The debate over whether or not technical analysis tools should be used to trade penny stocks has been a long and hard-fought one. Charting analysis is still somewhat rare within the large cap and mid cap world, primarily because investors just have a hard time trusting an idea other than 'value'. To apply something that's already rare to the world of penny stocks - which is inherently unpredictable to begin with - is often seen as playing with gasoline near an open flame..... you don't want to do it.
But should you? Is it possible to use technical analysis to successfully trade penny stocks?
The answer to the question isn't an outright 'no'. The answer to the question is answered with more questions. Namely, how do you intend to apply it, what do you expect to achieve, and is the penny stock in question a worthy charting analysis candidate?
How is technical analysis going to be applied to this penny stock?
Most technical traders use a specific charting event or set of events to make buy/sell decisions. But, they use this 'system' religiously, and trade whichever stocks the signals apply to, (usually) regardless of size. This is as it should be. By so doing, the overall success or failure of the system can be back-tested and monitored, and changed as needed.
Many penny stock traders, however, tend to apply technical analysis to support a buy or sell decision that's already been made. This is called a 'confirmation bias', where a certain technical signal may be acted on if it jives with the opinion, but the same chart signal will be ignored if it conflicts with a trader's desires. That's a mistake.
Another example of poor application of charting signals to plenty stock trading (and along the same lines) is acting on a technical analysis signal for a chart where that particular signal has never worked before. Why would it work now?
Point being, technical analysis probably won't work if it's not analysis, not applied consistently, and only used to support what you want it to.
What do you expect to achieve by applying technical analysis to this penny stock?
Technical analysis isn't unpopular because it's bad. It's unpopular because most traders apply it without fully understanding its limitations and advantages, and are then disappointed in the results.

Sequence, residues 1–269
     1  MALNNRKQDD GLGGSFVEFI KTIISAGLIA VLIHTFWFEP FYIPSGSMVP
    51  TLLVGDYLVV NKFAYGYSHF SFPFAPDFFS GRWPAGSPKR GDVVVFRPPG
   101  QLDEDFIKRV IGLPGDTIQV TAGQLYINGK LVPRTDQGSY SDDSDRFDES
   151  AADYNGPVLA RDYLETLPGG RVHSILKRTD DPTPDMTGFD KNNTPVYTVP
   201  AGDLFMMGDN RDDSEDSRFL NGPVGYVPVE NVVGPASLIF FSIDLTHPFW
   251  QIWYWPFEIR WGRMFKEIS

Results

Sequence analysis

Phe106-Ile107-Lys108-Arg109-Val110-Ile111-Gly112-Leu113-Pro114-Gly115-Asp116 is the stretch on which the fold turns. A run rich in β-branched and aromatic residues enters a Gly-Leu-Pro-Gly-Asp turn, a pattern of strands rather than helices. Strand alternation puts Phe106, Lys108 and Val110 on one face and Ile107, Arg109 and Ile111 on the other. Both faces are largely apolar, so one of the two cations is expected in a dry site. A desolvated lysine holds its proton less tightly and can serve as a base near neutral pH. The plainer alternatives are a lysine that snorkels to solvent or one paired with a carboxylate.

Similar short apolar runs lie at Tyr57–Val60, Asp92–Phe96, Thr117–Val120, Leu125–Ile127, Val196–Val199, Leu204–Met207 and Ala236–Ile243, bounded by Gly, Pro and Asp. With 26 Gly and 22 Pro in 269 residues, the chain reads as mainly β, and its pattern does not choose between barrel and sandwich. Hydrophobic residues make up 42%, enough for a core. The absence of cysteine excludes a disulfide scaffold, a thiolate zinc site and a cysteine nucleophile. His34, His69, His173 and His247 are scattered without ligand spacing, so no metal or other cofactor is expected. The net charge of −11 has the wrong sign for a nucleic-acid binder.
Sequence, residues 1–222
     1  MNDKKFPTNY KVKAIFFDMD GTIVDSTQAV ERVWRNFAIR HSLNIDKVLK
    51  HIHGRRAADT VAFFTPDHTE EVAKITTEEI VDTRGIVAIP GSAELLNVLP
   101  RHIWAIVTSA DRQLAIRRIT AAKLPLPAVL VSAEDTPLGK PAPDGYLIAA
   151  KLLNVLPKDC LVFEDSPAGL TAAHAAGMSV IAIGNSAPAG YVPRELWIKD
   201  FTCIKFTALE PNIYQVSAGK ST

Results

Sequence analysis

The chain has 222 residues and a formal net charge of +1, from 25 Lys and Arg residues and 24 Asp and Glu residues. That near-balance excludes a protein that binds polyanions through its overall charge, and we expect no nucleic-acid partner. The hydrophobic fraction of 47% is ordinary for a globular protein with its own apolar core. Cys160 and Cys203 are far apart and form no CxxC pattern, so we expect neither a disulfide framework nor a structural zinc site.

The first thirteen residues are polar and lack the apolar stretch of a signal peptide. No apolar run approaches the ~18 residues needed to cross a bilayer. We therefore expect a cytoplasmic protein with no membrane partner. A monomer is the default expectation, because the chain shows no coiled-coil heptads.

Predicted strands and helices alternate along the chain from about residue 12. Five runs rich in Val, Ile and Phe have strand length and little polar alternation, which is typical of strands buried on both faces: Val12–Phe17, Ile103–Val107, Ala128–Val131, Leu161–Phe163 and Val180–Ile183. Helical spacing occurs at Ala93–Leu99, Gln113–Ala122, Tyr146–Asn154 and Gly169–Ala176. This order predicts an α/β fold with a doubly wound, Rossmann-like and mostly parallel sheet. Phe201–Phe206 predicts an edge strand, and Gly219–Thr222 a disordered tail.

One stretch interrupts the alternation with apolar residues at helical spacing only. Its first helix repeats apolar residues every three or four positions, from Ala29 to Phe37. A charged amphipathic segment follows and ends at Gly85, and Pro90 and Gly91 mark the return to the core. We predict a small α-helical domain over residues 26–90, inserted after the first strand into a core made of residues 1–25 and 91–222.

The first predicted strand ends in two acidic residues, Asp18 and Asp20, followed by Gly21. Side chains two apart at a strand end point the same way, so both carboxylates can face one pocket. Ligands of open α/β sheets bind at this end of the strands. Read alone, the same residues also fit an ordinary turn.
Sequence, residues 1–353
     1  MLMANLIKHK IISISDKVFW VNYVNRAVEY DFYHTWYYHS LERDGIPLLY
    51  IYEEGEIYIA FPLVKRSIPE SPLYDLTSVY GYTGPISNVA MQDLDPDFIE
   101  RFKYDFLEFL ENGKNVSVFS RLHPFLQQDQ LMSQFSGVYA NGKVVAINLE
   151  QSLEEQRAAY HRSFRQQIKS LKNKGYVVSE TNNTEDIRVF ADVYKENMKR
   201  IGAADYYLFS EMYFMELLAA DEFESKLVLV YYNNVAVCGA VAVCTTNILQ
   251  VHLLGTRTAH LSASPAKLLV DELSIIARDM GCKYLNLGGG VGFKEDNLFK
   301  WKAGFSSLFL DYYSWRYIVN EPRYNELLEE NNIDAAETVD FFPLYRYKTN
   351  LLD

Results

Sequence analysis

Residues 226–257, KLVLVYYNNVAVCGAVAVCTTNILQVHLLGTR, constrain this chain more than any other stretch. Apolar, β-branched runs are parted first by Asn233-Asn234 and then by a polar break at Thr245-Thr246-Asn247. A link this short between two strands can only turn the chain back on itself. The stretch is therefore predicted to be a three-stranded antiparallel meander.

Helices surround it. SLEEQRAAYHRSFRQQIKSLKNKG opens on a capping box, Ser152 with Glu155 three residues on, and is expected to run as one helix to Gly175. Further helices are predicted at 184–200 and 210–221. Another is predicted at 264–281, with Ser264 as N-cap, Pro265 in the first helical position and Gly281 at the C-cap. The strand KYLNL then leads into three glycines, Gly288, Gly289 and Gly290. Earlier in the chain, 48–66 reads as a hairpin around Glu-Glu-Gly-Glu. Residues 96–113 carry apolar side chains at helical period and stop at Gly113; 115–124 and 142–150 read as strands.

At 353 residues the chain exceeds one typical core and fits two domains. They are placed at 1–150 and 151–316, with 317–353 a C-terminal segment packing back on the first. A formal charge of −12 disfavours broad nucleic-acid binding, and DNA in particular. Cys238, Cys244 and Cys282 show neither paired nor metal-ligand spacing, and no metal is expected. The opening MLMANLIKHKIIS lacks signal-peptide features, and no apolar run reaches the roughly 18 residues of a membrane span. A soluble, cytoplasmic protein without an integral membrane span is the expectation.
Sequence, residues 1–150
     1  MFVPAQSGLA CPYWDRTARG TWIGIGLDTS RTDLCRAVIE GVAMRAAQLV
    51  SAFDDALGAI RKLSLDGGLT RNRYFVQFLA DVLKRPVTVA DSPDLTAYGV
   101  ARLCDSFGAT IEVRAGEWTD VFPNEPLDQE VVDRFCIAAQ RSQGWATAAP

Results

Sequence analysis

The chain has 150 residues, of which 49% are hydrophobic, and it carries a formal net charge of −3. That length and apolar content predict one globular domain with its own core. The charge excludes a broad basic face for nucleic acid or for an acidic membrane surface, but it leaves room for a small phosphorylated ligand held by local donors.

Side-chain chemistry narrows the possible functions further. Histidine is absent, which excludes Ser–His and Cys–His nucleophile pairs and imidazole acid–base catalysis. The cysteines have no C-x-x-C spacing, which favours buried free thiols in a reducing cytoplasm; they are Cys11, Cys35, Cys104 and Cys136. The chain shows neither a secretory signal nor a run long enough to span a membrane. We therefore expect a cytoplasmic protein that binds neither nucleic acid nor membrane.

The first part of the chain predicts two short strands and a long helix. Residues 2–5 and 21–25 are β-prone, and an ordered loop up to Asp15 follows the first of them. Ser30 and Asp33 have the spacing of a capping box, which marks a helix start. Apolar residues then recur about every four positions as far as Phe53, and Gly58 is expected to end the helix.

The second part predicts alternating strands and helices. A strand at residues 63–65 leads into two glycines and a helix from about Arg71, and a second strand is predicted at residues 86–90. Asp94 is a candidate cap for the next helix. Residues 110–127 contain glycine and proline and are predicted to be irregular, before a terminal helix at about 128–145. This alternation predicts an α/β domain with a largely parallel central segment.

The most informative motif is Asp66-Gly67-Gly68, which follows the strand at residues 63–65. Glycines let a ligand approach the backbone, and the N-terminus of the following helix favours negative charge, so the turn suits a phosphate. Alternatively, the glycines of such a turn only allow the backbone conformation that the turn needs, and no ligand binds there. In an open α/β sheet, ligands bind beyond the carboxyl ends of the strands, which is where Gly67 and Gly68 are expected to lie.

It's not foolproof.
Here's the thing.... conventional fundamental analysis isn't foolproof either - there are plenty of stocks that should have gone higher (everything ranging from micro caps top mega caps) based on their value, yet still went lower.
Both technical analysis and fundamental analysis are odds tool, and when applied intelligently and consistently, improve a traders odds. One, or even several, failures of these tools doesn't make them useless, whether you're talking about penny stocks or the largest of the large companies. Technical analysis is just an 'edge' that can improve your success rate by (generally) 25% to 50%.... which is a lot in this business.
Is the penny stock in question a worthy charting analysis candidate?
Contrary to popular belief, it's not the low-price nature of penny stocks that makes them bad candidates for the application of technical analysis - it's the lack of liquidity that applies to most of them.
If the volume is inconsistent, and/or only a few thousand shares per day, odds are good that news and an ebb and flow in interest are going to push that stock all over the place, making any technical analysis pointless simply because there's no flow, pattern, or trend that can develop... all of which are crucial to technical analysis.
Generally speaking, a penny stock should boast an average volume of 75,000 shares or more per day to be considered liquid enough to put under a charting analysis microscope. It's not a hard and fast rule, but just a rule of thumb, with exceptions. Consistent volume is almost as important as absolute average volume though.
Bottom Line: Use technical analysis, or not, when trading penny stocks?
If all three considerations above have been made and the chart in question has passed the litmus test, then yes, charting tools can be well applied to penny stocks.